Just having some doubts. For the following circuit
No current to Vg
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No, that's not correct. Here are some hints.
First, what is the total voltage across R1 and R2?
Now, what is the current flowing through R1 and R2?
What is the voltage across R2 alone?
The bottom end of R2 is at \$V_D\$. The top end of R2 is your \$V_G\$. How is \$V_G\$ related to the voltage across R2 and \$V_D\$?
You can break up the problem in some mini steps:
As you said, there is no current in Vg and I also suppose that Vd is not on an open-circuit, otherwise there would be no current and all endpoints wouls have a Vdd potential, but I don't think that is the case.
If all the current flows from Vdd to Vd, this means that the current in the resistors R1 and R2 (lets call the currents I(R1) and I(R2)) are equal, so I(R1) = I(R2) = I.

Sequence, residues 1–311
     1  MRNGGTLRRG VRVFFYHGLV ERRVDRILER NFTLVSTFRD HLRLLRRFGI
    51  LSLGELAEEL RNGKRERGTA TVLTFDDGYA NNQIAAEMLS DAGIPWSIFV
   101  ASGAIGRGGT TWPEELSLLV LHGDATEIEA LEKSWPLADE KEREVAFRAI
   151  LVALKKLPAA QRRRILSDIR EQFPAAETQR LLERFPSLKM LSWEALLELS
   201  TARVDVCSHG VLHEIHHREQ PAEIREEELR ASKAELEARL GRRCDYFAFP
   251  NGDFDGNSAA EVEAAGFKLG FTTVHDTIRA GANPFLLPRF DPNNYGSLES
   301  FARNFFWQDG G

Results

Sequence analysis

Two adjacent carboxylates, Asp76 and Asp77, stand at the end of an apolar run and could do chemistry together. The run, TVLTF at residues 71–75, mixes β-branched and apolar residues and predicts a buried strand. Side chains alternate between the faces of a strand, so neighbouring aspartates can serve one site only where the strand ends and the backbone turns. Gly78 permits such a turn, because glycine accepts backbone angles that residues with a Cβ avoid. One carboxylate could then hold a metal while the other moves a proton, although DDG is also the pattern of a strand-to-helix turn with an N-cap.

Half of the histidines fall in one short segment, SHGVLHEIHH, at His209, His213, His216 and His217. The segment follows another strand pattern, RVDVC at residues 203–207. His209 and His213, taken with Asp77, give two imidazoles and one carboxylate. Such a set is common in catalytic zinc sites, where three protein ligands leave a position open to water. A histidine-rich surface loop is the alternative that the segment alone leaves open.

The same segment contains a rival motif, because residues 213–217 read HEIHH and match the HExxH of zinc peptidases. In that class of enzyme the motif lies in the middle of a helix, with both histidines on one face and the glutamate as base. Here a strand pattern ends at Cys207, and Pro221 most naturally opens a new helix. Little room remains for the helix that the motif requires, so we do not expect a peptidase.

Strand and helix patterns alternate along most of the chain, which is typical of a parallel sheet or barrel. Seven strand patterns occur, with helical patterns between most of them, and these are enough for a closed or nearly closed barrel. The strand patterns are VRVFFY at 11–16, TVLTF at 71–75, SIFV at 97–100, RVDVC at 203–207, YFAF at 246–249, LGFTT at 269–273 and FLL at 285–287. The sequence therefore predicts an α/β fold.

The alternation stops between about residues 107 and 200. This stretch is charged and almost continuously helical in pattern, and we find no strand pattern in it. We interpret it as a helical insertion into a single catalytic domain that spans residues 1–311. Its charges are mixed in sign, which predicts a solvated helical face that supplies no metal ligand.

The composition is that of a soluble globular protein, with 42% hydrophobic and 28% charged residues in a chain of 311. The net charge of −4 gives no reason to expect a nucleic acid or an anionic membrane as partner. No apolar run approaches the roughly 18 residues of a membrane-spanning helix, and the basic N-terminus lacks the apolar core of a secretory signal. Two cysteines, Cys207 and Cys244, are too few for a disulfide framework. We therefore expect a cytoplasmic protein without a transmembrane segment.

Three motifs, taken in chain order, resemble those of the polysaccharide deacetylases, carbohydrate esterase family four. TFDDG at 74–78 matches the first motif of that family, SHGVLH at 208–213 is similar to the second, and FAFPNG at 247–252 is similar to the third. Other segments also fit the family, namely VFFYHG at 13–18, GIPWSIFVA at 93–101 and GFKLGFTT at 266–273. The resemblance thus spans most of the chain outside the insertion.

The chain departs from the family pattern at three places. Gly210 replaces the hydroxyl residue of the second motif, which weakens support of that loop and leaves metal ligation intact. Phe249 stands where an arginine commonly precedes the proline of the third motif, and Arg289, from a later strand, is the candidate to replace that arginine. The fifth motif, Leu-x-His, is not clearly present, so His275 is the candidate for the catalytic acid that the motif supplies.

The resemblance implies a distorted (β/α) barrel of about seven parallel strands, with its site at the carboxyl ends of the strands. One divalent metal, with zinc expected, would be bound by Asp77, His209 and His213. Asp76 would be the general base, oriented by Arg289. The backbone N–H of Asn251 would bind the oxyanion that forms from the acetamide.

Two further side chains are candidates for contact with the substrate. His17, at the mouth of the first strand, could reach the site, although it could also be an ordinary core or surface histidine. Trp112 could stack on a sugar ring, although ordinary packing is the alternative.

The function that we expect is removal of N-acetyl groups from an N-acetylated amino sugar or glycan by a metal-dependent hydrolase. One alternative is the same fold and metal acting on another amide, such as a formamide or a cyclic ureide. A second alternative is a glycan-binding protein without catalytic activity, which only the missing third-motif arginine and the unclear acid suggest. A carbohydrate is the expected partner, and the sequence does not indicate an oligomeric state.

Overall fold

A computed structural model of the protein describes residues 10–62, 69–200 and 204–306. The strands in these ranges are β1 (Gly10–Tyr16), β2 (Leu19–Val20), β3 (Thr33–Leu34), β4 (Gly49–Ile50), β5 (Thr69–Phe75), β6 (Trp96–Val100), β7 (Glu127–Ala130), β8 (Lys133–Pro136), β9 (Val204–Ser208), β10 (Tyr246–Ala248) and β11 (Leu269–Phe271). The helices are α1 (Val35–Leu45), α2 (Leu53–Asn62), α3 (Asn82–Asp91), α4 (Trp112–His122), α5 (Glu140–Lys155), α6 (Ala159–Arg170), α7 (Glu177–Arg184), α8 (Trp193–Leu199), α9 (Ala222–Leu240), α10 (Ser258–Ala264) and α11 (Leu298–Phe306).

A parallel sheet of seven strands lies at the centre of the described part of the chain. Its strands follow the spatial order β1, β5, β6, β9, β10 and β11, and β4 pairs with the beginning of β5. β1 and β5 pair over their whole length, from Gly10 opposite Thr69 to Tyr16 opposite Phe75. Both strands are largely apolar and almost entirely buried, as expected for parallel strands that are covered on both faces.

for Ohm's law you have:
Vg - Vd = I x R2, and also:
I x R1 + I x R2 = Vdd - Vd. You can express this last one for I:
I = (Vdd - Vd) / (R1 + R2).
You can substitute the I of the first expression with the latter one:
Vg - Vd = (Vdd - Vd) x (R2 / (R1 + R2)).
If Vd is your reference (0V in your reference system), you would have:
Vg = Vdd x (R2 / (R1 + R2)).
It is always helpful to redraw a schematic in order to see better what is going on. Vd is just an unknown potential or "voltage referenced to GND". In this case the KVL and KCL (Kirchhoff's laws) will lead you to the solution.
Vg = Vd+I_R2*R2 and I_R2 = Vdd-Vd/(R1+R2) so Vg = Vd + (Vdd-Vd)/(R1+R2) * R2
Now assume Vd = 0 and you will end up with the "well-known" voltage divider formula.
edit: You are right Alexander Pane, VDD was the wrong direction.